This village of Old Deerfield is really a special place, imbued and breathing its past into our present. In 1799, Asa Stebbins built the first brick house in Franklin County, and kept careful record of what he bought and where it was placed when he furnished his new home. The museum of Historic Deerfield owns the Stebbins House for visitors to view, and knew that the tall eight-day clock was made by Aaron Willard, cost Stebbins the huge sum of $100, and was situated in the north parlor. The clock left its family home a long time ago, and then popped up for auction at the end of January. Thanks to contributions from supporters, the sum was raised to get the clock back to its rightful place. The moving and extraordinary part of the story is that when the clock was placed back where it had stood, the original means of fastening it to the wall for stability was still there in exact alignment behind the plaster and paper!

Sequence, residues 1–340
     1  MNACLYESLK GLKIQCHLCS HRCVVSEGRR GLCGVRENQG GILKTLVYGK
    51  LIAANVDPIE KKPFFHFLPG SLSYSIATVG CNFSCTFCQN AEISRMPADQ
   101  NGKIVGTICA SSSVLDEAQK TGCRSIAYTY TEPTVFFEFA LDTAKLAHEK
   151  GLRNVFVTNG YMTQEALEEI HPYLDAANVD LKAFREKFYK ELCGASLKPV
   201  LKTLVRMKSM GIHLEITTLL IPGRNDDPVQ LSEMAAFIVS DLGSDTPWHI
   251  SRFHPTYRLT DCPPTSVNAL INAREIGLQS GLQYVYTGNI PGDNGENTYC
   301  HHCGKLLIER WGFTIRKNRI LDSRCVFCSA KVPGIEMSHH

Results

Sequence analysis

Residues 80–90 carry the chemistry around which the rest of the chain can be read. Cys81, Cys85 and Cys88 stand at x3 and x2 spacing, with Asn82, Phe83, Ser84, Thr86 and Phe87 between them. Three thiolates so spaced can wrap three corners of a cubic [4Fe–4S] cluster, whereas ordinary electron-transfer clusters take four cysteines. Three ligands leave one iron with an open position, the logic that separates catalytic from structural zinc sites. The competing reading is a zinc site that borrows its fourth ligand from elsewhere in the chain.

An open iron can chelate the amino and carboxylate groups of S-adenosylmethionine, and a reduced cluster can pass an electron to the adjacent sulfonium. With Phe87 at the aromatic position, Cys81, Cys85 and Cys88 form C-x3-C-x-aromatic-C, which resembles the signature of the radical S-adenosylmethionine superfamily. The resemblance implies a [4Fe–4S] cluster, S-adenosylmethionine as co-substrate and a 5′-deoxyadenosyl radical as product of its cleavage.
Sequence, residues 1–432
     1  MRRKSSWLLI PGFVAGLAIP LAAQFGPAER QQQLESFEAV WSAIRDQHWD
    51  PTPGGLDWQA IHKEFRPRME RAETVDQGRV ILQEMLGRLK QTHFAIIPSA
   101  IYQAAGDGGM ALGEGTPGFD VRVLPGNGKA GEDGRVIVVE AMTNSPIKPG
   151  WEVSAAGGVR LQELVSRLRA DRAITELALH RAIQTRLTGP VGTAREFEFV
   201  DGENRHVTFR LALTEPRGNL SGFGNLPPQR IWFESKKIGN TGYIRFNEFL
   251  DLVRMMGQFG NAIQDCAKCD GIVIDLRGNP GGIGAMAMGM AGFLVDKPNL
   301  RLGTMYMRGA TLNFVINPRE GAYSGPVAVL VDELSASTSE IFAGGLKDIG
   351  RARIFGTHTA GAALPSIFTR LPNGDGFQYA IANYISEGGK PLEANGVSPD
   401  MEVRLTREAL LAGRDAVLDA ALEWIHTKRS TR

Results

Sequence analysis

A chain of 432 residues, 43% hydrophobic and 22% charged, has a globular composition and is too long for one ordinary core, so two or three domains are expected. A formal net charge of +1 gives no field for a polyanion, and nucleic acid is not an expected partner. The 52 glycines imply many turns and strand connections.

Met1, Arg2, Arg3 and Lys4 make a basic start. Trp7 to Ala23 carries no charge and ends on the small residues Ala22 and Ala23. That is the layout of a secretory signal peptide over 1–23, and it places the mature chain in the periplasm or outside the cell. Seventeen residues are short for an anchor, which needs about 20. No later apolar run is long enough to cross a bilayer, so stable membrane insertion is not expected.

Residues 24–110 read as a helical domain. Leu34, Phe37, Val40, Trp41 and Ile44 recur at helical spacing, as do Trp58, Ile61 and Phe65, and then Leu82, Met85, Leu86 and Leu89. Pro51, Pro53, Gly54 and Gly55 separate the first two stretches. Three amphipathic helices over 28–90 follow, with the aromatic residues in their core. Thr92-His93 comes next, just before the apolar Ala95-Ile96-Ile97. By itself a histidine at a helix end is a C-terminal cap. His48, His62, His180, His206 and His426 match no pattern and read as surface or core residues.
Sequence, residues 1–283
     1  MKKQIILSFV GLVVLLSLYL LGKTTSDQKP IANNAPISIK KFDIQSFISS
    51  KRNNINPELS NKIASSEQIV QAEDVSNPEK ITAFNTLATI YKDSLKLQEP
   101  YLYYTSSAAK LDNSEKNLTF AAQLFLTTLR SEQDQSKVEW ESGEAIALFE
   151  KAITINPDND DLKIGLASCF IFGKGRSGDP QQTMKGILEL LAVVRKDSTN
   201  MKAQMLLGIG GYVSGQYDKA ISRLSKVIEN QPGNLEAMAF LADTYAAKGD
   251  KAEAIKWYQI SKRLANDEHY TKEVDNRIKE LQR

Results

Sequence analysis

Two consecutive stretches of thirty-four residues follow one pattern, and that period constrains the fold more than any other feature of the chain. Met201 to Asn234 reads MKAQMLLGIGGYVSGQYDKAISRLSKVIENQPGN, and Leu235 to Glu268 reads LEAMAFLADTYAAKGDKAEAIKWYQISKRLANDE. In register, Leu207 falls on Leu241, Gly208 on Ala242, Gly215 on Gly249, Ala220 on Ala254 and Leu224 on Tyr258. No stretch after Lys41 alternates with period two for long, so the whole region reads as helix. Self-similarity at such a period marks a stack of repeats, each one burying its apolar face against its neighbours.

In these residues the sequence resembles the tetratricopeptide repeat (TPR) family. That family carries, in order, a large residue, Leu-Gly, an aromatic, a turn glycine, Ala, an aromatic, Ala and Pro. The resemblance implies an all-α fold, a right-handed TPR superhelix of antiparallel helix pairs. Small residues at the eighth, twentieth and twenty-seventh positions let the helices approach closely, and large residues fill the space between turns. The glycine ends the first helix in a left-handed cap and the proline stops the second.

Another story we cherish here at Deerfield Inn is the story of a powder horn owned by militia soldier Jonathan Smead also surfaced recently. Smead lived in the Deerfield Meadows where in 1742 he was paid a bounty for killing a wolf. The intricately carved French and Indian War-era powder horn had been in PVMA’s Memorial Hall Museum since 1880, but was stolen in 1949 when the museum was closed during WWII. The piece was found in the 50s at the town dump in Longmeadow when he was a child, by now retired anthropology professor James Richardson. When he learned by chance of its origin, he brought it from PA to be displayed alongside Smead’s bone-headed cane in the Military Room.
Historic Deerfield has one of the finest assemblages in a current exhibition of this indigenous and unique American art form, so if stories of the past and intriguing artifacts such as powder horns are things you like, then Deerfield is the place to pay a visit!